The gist of things is that the White Sox are bad because they’re Jerry Reinsdorf’s White Sox. They don’t spend like they should or could, the front office is based on the same pipeline from decades ago that has produced far less success than you’d think it would have considering the continuity involved, and the goal, no matter what Reinsdorf says, is to make money, not to win:

It’s 2024, and the White Sox are still without a single $100 million free agent in their history. Their most significant free agent contracts have gone to Benintendi ($75 million over five years) and Yasmani Grandal ($73 million over four). The extra $500,000 that Dallas Keuchel received is the only reason Albert Belle’s $55 million free agent deal from 1997 is no longer in the top five in franchise history. They simply do not spend like a team from Chicago could or should: by Cot’s Contracts’ count, the White Sox rank 17th in the majors since 1991 in total free agent spending. They don’t ignore free agency completely, but they completely avoid the top end. Which is why, despite a whole bunch of top-end talent on free agency this offseason, they ended up with the likes of DeJong and Maldonado, which helped them cut their payroll by around $58 million, down to $121 million for Opening Day. It’s not like they had a bunch of prospects to plug in, and the farm system doesn’t have much in the way of future help, either, which is why Baseball Prospectus ranked it 25th in the league this winter. This is a team that needs to spend to have any chance right now—in a weak division, in a league that now has six Wild Card clubs—and that’s just not happening.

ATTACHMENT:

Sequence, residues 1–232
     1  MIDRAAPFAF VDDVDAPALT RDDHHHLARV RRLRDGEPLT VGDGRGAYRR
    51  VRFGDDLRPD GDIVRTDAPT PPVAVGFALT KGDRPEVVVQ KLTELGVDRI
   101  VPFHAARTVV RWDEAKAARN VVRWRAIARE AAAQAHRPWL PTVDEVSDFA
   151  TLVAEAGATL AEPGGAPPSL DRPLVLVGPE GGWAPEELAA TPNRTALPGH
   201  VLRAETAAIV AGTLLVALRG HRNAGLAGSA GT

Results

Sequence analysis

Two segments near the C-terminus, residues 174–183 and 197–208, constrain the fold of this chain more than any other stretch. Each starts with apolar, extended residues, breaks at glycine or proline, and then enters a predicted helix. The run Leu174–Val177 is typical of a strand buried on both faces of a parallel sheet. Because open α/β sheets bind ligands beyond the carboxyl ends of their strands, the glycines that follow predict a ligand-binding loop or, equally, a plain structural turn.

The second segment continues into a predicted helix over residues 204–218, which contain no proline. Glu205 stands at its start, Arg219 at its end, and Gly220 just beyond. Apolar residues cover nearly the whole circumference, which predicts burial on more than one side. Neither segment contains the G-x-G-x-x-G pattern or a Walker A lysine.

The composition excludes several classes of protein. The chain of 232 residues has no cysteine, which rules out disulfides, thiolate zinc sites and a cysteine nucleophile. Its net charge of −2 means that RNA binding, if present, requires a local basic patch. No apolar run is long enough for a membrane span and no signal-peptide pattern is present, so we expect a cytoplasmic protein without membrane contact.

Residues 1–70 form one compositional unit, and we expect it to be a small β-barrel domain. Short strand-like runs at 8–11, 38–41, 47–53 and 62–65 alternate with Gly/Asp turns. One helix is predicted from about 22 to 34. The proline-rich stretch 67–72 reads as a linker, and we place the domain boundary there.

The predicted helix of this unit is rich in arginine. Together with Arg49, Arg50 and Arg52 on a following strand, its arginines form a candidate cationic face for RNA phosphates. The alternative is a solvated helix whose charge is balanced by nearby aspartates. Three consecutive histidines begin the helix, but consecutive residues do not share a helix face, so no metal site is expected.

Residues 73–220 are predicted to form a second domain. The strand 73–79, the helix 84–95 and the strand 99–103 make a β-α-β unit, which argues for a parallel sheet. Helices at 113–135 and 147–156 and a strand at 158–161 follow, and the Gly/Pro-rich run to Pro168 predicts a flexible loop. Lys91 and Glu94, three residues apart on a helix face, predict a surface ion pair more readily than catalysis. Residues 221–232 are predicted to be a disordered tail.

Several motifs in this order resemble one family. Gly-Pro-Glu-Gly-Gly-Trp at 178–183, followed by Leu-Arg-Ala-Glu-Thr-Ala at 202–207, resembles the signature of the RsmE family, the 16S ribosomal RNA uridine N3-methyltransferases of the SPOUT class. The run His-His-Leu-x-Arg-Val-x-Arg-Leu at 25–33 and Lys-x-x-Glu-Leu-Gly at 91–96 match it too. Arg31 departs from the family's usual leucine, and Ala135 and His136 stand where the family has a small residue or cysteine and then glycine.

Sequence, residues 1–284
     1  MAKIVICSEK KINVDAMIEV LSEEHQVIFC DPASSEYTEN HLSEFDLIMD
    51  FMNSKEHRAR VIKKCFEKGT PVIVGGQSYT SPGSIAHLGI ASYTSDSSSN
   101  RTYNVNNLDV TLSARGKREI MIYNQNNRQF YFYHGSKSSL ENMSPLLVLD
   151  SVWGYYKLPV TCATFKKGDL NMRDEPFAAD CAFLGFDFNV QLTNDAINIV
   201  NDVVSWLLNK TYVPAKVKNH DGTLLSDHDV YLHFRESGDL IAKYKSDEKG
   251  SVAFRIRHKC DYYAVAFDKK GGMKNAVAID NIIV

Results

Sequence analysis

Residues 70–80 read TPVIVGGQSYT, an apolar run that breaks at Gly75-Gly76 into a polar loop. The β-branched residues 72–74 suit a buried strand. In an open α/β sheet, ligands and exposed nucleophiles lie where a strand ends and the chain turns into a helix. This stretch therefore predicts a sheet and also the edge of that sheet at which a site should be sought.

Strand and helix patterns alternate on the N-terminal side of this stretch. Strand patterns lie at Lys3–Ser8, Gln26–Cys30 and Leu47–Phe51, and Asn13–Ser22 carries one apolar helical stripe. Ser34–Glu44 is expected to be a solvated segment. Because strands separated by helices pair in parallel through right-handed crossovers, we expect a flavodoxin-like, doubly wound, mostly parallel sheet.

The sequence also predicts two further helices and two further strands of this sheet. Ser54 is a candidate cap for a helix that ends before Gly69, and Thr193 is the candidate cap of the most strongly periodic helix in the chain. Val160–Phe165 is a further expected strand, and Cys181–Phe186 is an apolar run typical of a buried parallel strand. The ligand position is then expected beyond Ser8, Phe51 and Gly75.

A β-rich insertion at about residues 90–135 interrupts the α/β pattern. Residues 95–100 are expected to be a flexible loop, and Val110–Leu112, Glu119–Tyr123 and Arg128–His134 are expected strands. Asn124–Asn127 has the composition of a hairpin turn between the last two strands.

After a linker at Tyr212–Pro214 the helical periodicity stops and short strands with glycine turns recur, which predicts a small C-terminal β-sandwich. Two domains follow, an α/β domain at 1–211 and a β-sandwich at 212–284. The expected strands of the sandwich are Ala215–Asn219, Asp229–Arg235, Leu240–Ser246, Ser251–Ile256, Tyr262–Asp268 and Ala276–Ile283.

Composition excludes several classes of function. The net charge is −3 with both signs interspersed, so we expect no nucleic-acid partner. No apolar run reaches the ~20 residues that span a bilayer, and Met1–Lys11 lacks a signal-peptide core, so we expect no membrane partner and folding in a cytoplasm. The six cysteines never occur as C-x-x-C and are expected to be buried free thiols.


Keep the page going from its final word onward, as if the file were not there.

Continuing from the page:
It’s dire! Maybe the White Sox can improve enough to avoid being in Cleveland Spider-level discussions throughout the summer, like the A’s managed to rebound enough to avoid a year ago, but what does that mean, exactly? They’d still be a team coming off of a 100-loss season that managed to be even worse in the following campaign. One with a farm system dealing with a famine, that won’t spend on the top end of free agency, and that regularly makes terrible decisions on the free agents they do acquire. With a general manager who was part of the building of the current mess they’re in, as both a farm director and then assistant GM. With Reinsdorf still in control of it all!

Oh, and of course this is all happening while they have an absurd public subsidies ask out, all because Reinsdorf wants to build his own Braves-style Battery Park around a new stadium so he can rake in even more cash for doing nothing. John Fisher might be the most brazen owner in part due to how he’s an adult-sized baby with his parents’ money who throws temper tantrums when he doesn’t get his way, but Reinsdorf might be the actual worst. Fisher strikes me as not evil so much as kind of just a huge self-centered dummy, which is awful in its own way, sure, but different. Reinsdorf, though… this guy has been at the center of plenty of what’s been terrible about the game for decades, from collusion to depriving amateurs of negotiating power and bonuses, avoiding giving free agents money, prying enormous subsidies out of the hands of the public, while lying about relocating to do it. He is the literal worst.